Course Policies

Health and Wellness

Your first priority should always be to take care of yourself. You can do this by eating well, getting enough sleep, exercising, socializing, and taking some time to relax. This will help you achieve your goals and cope with stress.

All of us benefit from support during times of struggle. If you or anyone you know experiences any academic stress, difficult life events, or feelings of anxiety or depression, we strongly encourage you to seek support. In particular, if you are unable to attend class or complete homework due to an external situation (including a medical emergency or family/personal crisis), please contact the CS Scholars staff and Prof. Kelly so that we can provide support and arrange extensions as necessary.

If you or someone you know is in danger of self-harm, please call someone immediately, day or night:
Re:solve Crisis Network: 888-796-8226

Diversity and Inclusion

We warmly welcome students with a wide range of backgrounds and identities in this course. We strive to make every student in this class feel safe and welcome, both because we respect you as human beings with a diverse set of experiences and because we want to make learning computer science as accessible as possible. We acknowledge that computer science as a field currently suffers from a lack of racial and gender diversity, and we want to make the field more broadly accessible for all people.

If something happens that makes you feel unsafe, unwelcome, or discriminated against, please let us know. You are always encouraged to reach out to the course staff; we will listen and support you. You can email Prof. Kelly directly, or contact the CS Scholars staff if you wish to remain anonymous.

Collaboration and Academic Integrity


You are encouraged to collaborate with other students in the program when learning the material and working on assignments. Here are a list of examples on how to collaborate well within this class.

Academic Integrity in Assignments

There are certain restrictions on how much collaboration is allowed, to ensure that all students understand the material they submit on homework assignments. In general, all collaborators must contribute intellectually and understand the material they produce, and each student must write up their own assignment submission individually. If you submit work that you have not contributed intellectually to, or support another student in submitting work they do not fully understsand, this counts as an academic integrity violation. Violations can include:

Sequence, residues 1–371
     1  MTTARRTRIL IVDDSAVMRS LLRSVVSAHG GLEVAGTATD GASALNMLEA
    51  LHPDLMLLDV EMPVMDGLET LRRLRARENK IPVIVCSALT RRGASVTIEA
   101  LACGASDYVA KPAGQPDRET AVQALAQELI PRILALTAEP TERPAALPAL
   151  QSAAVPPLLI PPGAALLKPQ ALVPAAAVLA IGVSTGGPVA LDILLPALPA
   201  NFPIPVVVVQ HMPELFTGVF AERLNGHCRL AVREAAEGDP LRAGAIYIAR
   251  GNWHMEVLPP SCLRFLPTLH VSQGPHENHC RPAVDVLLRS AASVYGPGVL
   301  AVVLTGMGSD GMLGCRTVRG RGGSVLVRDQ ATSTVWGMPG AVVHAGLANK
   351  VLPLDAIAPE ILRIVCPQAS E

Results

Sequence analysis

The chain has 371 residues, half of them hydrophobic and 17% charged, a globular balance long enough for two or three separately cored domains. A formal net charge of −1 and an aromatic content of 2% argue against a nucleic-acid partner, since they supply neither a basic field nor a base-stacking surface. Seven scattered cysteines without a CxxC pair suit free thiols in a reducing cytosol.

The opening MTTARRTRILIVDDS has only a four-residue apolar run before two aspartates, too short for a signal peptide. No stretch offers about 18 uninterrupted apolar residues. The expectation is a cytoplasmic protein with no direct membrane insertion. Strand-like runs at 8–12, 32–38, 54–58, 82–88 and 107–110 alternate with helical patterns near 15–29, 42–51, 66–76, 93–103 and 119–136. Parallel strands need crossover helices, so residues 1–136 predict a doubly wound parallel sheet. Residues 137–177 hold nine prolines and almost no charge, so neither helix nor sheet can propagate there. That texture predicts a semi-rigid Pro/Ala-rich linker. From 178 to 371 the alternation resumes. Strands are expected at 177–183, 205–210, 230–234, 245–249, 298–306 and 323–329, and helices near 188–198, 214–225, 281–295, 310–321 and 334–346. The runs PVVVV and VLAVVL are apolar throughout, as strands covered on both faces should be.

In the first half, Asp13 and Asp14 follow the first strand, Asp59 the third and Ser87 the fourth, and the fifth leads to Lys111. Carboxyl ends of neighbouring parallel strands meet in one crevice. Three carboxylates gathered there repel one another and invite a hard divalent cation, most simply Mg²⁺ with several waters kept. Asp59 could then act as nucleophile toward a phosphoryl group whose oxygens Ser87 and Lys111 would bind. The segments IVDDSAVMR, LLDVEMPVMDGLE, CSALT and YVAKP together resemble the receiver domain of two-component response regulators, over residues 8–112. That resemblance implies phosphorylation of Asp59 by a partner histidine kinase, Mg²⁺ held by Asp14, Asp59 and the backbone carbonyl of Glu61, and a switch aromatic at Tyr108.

The course staff will regularly check assignment submissions for academic integrity violations. If a violation is found, you will be asked to meet with Prof. Kelly to discuss the situation, and penalties may be applied.

Mistakes happen. Sometimes, students panic and copy code right before the deadline, then regret what they did afterwards. Therefore, you may rescind any homework submission up to 24 hours after the submission was made with no questions asked. Simply email Prof. Kelly and ask her to delete the submission in question, and she will do so. Deleted submissions will not be considered during plagiarism detection, though of course they will also not be graded.

Tips for Success

Learning how to program provides great opportunities, but it also may pose great challenges. Here are some tips for how to succeed in this course as you learn a new and exciting set of skills and concepts.

  1. Participate. You cannot learn how to program passively, by observing someone else; you have to practice. While attending lecture, follow along in your own IDE and try modifying the code the instructor writes to see what happens. Try things out and see what happens!
  2. Embrace Mistakes. "Bugs" (mistakes) are a common part of the programming process. Even expert programmers commonly produce bugs in their code that they need to fix (you'll see this happen to the course staff a lot!). Run your code to check your work often, and treat every bug as an opportunity to learn, not as a dead end.
  3. Get Help When You Need It. It's okay (and encouraged!!) to reach out for help when you're struggling with a concept or an assignment. Reach out to Prof. Kelly and she will be more than happy to help you learn. Find a collaborator and talk through the problems with them. In general, don't feel like you need to do everything on your own - embrace your learning community!
  4. Debug Smarter, Not Harder. It is very easy to get stuck when debugging an error in a program and spend hours on a single mistake with no progress. If you find yourself spending more than 15 minutes debugging the same error, you need to change your approach. First, try to get someone else to help you (a collaborator in the class or Prof. KElly); often a new set of eyes will notice things that you can't see yourself, and explaining your code to someone else may help you notice something new. Second, if no one else is available, take a break and do something else. When you come back to the problem later, you'll be able to see your code in a new light, and it might prove much easier to fix.
  5. Read Your Feedback. Homeworks are formative - they're an opportunity to learn! When an assignment has been graded, go back and check the feedback written by the course staff. This is your chance to more deeply learn the material.